6. I was wondering about the same thing as Geoff. What about academic long tail social media? Do they already exist? What is your experience? I’m in a desperate need for something like this. Using Twitter or Facebook for this purpose is too demanding and distracting and academic “social networks” known to me, like ResearchGate or, have not convinced me yet.

    • What field are you in? My experience in computer science is that conferences fill this role. There are a couple conferences in my field that I attend almost every year, in which I can spend time in-person with collaborators, meet new collaborators, introduce my students into the social network of our area, etc.

      There are a few other similar setups in our field: one of my favorite are the Dagsthul seminars. They’re invite only, but essentially you go and live in a converted castle in the middle of nowhere in Germany for a week with a group of thinkers all working on the same problem.

      • Interesting. I’m in the instructional design field, and while there are conferences, my university only pays for 1 each year. It fills a bit of the role, but I definitely miss the weekly paper discussion at the campus bar that I had in my PhD program. Nothing close to that exists where I am now.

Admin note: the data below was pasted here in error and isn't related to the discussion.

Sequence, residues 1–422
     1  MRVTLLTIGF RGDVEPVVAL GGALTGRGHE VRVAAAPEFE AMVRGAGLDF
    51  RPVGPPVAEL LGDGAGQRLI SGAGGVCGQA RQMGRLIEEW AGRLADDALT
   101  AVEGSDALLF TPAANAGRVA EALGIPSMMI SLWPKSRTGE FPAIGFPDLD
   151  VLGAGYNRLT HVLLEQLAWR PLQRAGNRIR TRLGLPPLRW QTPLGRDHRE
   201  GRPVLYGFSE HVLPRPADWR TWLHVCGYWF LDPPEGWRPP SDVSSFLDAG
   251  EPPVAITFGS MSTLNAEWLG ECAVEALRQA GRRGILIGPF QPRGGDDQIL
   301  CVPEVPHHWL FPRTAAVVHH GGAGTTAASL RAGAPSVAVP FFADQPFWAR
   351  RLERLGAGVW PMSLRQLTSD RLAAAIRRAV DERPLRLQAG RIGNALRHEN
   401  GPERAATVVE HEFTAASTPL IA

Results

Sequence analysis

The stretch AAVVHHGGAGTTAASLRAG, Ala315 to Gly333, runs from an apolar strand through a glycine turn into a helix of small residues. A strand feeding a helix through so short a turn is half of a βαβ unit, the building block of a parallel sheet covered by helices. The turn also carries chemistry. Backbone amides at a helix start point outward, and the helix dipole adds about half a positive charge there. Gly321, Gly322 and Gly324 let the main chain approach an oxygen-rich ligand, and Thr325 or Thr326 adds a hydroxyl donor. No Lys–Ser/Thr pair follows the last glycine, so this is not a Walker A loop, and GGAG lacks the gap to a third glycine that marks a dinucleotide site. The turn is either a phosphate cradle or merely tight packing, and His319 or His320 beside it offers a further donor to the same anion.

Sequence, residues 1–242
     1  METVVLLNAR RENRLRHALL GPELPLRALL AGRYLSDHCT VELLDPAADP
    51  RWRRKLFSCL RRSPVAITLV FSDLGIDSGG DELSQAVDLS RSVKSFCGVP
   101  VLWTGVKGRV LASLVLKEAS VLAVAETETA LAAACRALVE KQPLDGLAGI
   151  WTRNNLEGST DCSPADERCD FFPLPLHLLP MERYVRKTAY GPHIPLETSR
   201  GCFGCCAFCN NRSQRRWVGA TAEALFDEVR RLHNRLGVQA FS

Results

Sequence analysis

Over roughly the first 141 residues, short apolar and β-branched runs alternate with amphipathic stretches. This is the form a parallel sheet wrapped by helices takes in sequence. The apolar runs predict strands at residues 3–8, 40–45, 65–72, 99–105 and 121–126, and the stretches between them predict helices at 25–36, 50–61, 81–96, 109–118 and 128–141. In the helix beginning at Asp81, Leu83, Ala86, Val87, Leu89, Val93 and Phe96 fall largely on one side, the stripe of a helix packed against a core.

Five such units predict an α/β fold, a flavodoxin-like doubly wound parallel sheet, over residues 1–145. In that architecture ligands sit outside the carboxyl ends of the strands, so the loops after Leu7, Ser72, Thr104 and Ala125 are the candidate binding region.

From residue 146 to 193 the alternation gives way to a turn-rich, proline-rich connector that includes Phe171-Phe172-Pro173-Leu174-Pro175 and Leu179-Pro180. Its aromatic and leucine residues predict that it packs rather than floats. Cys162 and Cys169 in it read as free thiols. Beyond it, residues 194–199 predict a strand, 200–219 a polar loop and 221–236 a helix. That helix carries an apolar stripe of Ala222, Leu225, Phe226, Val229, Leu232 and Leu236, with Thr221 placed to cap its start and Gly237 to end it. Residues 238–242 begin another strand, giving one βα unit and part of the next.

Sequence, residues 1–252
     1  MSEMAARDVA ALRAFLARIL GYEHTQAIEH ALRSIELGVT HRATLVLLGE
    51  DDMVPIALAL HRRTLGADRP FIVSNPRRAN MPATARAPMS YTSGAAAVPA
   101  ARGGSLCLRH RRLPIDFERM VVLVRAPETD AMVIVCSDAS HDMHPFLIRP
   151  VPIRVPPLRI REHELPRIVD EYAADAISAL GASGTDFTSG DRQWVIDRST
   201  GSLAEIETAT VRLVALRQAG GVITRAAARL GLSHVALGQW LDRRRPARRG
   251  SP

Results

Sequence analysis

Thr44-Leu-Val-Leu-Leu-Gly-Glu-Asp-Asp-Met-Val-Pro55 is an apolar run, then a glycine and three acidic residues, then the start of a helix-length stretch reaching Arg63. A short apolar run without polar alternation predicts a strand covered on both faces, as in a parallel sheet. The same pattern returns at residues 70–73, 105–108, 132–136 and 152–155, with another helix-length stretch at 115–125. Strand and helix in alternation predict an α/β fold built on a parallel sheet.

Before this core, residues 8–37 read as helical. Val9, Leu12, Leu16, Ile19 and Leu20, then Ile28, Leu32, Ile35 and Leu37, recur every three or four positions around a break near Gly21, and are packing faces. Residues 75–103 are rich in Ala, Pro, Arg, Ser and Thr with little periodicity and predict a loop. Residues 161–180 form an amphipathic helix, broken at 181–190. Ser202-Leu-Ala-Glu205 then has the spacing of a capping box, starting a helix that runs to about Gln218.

• To parallel the loss of your weekly paper discussion a recent (long overdue) spat has emerged in clinical medicine/patient care about the loss of the “old school” doctor’s lounge, where informal discussions among peers (from different areas of medicine) could be had and ideas usefully bandied about on tough cases. The MBA “suits” see this physical space as unproductive yet it was hugely productive (just not metric measurable/clickable) in terms of medical management but also in terms of camaraderie and burnout prevention. However, due to medicolegal issues and “public perception” ruling the roost, I sadly doubt long tail social media can cure medicine’s ills, as eventually I fear its privacy would be disrupted/used in court against you. Nice discussion of this topic though! GT